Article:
Webster, Augustine, St.
WEBSTER, AUGUSTINE, ST.
Carthusian martyr; b. unknown; d. Tyburn, London, England, May 4, 1535. He received his B.A. degree from Cambridge in 1510 and his M.A. three years later. Thomas Cranmer, his exact contemporary at Cambridge, described him as a learned man who did not originally believe in the papal primacy. He entered the Charter-house at Sheen and was chosen as prior of Axholme in Lincolnshire not before 1531. In a decree of Feb. 15, 1535, Henry VIII assumed the title of Supreme Head of the English Church. Webster came to London to consult St. John houghton, prior of the London Charterhouse, on this issue. He accompanied Houghton and St. Robert lawrence, prior of Beauvale, in a plea to Thomas Cromwell for a form of the oath suitable to their conscience. They were imprisoned in the Tower together with St. Richard reynolds, a Bridgettine of Syon. They were examined by royal commissioners on April 20 and stood trial in Westminster Hall. They pleaded not guilty since they did not seditiously oppose the king's supremacy. The jury hesitated for two days but through pressure of Cromwell they entered a verdict of guilty. On May 4 together with Bl. John Haile, the aged vicar of Isleworth, these protomartyrs were drawn from the Tower to Tyburn. There they suffered the penalty for treason by being hanged, cut down while still alive, drawn, and quartered. Webster was beatified by Leo XIII, and canonized by Paul VI on Oct. 25, 1970 as one of the Forty Martyrs of England and Wales.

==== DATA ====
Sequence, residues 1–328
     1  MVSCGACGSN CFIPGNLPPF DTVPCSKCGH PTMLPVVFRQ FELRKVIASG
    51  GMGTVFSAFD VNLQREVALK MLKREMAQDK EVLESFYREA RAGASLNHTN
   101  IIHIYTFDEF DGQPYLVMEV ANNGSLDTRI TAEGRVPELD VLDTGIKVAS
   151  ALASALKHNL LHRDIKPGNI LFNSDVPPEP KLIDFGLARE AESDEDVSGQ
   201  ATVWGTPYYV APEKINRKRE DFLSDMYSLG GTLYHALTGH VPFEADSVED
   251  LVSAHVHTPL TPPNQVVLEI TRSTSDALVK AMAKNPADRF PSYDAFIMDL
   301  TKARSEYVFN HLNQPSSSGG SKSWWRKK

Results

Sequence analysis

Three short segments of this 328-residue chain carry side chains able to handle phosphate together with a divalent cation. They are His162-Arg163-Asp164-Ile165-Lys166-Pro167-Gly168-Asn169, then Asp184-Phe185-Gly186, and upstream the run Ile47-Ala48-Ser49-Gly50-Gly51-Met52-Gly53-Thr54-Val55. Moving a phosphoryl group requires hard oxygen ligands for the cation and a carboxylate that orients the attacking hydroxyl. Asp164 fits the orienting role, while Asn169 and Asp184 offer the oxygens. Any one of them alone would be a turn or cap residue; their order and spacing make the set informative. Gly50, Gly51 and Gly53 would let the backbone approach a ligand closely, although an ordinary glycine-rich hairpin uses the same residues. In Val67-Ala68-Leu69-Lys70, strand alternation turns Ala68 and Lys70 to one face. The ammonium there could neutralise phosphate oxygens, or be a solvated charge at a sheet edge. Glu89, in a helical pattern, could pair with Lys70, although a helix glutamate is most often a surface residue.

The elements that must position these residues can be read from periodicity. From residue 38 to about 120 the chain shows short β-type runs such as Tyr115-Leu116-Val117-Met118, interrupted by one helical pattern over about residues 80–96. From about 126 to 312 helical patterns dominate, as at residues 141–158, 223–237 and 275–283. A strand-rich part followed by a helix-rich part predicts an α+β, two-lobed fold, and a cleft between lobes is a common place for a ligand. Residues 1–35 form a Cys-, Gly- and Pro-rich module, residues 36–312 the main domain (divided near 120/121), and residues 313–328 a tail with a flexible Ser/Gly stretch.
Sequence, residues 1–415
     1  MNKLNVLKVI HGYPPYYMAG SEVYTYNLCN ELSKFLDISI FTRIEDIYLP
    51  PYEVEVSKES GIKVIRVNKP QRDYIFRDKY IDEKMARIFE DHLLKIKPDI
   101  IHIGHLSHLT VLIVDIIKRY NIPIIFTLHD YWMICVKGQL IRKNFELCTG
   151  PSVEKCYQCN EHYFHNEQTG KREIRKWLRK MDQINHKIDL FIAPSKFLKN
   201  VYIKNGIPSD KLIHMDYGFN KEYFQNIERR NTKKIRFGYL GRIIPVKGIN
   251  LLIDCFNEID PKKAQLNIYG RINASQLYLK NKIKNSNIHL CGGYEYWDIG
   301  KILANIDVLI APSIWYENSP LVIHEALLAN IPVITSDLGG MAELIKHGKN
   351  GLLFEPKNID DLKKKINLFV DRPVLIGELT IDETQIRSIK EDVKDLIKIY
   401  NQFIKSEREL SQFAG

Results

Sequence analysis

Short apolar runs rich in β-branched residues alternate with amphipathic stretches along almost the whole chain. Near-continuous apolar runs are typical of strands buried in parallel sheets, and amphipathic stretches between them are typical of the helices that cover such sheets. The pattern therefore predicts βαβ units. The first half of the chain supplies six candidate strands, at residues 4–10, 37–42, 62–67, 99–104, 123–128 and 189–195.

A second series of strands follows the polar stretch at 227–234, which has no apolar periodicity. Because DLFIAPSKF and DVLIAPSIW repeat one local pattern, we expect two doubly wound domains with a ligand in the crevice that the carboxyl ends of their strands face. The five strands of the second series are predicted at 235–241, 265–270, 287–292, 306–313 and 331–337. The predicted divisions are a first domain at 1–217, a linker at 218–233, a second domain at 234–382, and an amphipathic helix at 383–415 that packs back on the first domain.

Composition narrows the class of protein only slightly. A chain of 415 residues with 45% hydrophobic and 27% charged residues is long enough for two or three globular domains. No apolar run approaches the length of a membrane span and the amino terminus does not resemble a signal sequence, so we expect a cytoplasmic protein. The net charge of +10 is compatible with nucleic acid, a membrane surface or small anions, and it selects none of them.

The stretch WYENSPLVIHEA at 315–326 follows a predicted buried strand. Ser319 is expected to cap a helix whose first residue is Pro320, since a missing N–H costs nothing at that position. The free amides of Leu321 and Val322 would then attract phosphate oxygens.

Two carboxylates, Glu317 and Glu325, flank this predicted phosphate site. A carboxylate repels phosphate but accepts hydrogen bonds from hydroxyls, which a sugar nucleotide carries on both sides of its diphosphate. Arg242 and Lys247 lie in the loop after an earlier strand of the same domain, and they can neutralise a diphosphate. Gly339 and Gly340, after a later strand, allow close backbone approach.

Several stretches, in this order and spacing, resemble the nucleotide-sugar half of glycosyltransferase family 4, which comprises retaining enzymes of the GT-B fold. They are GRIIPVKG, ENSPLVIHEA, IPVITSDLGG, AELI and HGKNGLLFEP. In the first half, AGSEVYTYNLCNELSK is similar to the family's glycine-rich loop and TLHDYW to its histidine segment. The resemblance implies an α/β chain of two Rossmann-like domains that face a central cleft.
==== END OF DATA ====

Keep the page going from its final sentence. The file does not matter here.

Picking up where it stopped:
Feast: May 4; October 25 (Feast of the 40 Martyrs of England and Wales); May 4 (Feast of the English Martyrs in England).
See Also: england, scotland, and wales, martyrs of.
Bibliography: A contemporary account in m. chauncy, "De B.B. Martyribus Carthusiensibus in Anglia," ed. f. van ortroy, Analecta Bollandiana 14 (1895) 268–283; "Martyrum Monachorum Carthusianorum in Anglia Passio minor," ed. f. van ortroy, ibid. 22 (1903) 51–78; Passion and Martyrdom of the Holy English Carthusian Fathers, tr. a. f. radcliffe (New York 1936). l. hendriks, London Charterhouse, Its Monks and Its Martyrs (London 1889). e. m. thompson, The Carthusian Order in England (New York 1930). l. e. whatmore, Blessed Carthusian Martyrs (London 1962).
[l. e. whatmore]